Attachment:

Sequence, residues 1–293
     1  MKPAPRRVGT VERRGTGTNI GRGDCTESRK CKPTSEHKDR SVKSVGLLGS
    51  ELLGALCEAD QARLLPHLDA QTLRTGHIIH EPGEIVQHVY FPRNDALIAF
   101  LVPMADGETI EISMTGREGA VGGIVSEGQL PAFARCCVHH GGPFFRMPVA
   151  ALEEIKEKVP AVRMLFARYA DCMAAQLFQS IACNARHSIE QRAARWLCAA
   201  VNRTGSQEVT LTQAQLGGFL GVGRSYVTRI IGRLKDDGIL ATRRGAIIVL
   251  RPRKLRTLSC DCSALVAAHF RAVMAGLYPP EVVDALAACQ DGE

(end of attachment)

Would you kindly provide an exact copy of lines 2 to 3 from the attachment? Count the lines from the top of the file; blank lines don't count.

     1  MKPAPRRVGT VERRGTGTNI GRGDCTESRK CKPTSEHKDR SVKSVGLLGS
    51  ELLGALCEAD QARLLPHLDA QTLRTGHIIH EPGEIVQHVY FPRNDALIAF